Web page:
Protecting Privacy Important

In his opinion, Chief Justice Roberts acknowledges the decision might cause the police’s job to be a little more complex in searching a phone, but they will have to get that warrant first.

We cannot deny that our decision today will have an impact on the ability of law enforcement to combat crime. Cell phones have become important tools in facilitating coordination and communication among members of criminal enterprises, and can provide valuable incriminating information about dangerous criminals. Privacy comes at a cost. …Our holding, of course, is not that the information on a cell phone is immune from search; it is instead that a warrant is generally required before such a search, even when a cell phone is seized incident to arrest, Justice Roberts wrote in the decision.

Now, it offers some protection to people arrested every year, many especially for minor crimes.

The ruling may also extend to searches of tablet and laptop computers, and its reasoning may apply to searches of homes and businesses and of information held by third parties like phone companies.

Law Enforcement Contends  Current Search Procedures Respect Laws

“The Dallas Police Department complies with the laws of search and seizure,” said Maj. Max Geron Police Media Relations of the Dallas Police Department. “(We) will continue to do so.”

Some other law enforcement agencies across Texas heard of the ruling, but contend it does not impact the way they do business at all.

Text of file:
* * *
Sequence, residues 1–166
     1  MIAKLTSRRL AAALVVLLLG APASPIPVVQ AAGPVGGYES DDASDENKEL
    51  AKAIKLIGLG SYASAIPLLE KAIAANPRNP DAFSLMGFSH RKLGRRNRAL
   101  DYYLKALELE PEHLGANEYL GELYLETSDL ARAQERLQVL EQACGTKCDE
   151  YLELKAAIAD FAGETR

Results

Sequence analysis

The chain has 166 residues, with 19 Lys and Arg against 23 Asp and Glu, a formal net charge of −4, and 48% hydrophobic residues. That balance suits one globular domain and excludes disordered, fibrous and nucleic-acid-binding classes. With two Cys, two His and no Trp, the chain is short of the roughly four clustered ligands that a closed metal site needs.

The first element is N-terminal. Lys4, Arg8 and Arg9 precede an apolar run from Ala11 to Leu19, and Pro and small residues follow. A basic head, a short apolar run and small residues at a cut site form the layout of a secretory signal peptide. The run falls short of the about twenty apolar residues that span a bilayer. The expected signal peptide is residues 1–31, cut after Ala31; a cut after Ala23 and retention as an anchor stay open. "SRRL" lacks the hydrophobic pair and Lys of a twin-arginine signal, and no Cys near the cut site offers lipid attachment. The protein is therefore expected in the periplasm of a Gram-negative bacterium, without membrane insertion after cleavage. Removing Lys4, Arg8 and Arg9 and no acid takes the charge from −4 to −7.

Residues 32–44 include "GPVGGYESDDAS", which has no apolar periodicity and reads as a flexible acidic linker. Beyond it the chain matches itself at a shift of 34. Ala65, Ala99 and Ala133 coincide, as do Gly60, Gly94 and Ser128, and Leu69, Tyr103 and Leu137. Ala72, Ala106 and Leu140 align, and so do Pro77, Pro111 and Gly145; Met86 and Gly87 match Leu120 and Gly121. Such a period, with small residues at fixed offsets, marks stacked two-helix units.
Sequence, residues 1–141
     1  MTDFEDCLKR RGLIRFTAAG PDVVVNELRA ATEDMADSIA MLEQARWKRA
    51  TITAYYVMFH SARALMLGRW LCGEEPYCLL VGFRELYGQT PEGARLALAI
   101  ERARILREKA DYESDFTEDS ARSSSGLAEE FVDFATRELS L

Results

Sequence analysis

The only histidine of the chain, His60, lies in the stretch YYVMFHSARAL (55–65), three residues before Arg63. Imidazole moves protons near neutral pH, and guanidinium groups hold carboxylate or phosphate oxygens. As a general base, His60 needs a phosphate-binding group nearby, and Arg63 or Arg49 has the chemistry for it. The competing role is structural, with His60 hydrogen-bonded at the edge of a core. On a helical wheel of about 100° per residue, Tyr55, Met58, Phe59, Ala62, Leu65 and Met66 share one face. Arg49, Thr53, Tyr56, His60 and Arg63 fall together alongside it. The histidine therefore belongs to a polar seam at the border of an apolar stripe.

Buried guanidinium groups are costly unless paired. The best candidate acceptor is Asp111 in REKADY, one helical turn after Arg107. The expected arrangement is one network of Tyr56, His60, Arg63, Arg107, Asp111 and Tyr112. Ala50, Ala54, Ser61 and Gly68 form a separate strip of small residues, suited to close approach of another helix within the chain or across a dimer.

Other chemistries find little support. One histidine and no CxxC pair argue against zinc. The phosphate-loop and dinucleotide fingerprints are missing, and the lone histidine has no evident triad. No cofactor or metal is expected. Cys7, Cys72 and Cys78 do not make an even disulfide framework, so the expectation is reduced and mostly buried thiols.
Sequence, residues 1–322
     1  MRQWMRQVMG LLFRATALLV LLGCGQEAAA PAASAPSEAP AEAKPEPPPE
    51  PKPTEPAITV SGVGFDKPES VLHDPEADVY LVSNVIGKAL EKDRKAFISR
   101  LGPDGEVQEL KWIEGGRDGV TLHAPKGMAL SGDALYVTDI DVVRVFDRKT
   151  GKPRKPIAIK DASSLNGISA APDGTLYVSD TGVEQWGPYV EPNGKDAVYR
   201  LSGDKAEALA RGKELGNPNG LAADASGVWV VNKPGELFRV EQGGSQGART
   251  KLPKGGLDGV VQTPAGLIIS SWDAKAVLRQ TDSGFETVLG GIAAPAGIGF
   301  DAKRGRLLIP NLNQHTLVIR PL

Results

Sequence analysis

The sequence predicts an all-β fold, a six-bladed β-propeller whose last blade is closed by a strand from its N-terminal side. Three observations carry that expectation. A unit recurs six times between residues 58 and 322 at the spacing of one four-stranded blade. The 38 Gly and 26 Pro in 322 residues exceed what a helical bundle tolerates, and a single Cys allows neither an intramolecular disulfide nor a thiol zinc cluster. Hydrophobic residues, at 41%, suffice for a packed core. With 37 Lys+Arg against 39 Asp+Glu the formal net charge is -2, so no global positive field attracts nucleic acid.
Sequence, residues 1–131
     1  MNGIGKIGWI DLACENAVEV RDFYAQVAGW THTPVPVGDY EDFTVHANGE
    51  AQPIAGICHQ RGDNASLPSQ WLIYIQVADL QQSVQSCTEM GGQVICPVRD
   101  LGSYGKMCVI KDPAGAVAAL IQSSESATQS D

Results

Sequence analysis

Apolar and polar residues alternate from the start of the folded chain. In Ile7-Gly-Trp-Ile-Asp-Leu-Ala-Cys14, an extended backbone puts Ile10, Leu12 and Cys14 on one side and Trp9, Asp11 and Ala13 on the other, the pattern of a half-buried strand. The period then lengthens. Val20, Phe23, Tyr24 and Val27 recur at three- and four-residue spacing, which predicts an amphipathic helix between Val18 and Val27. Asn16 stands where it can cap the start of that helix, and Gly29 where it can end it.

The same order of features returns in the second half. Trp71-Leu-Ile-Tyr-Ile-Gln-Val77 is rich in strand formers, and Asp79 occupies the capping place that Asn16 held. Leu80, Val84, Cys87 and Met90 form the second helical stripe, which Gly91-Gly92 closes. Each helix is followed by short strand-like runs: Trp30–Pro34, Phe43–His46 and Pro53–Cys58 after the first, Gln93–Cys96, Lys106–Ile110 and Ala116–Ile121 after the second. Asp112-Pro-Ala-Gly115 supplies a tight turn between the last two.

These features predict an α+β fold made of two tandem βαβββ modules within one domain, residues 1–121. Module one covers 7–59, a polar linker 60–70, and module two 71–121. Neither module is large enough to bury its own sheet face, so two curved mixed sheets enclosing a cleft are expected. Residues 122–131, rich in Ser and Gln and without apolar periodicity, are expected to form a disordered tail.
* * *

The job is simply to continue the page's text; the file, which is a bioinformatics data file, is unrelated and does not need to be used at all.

“The ruling will have little or no effect on our operations,” Sgt. Javier Salazar, PIO Director for the San Antonio Police Department. “Our officers and detectives have been using that practice for some time now.”

What makes the ruling significant is the fact remains that 90 percent of Americans keep some kind of digital record on their phones. Most data found on cellphones that people may consider to be private information.

In his argument, Roberts was very persuasive about the need to protect privacy and how that privacy is linked directly to the fact that cellphones are become an integral part of the American culture and one of the new ways Americans store and keep personal data.

Protecting Cellphone Privacy Just Makes Good Sense

Justice Roberts wrote giving common sense practical reasons why the Fourth Amendment must apply to the devices.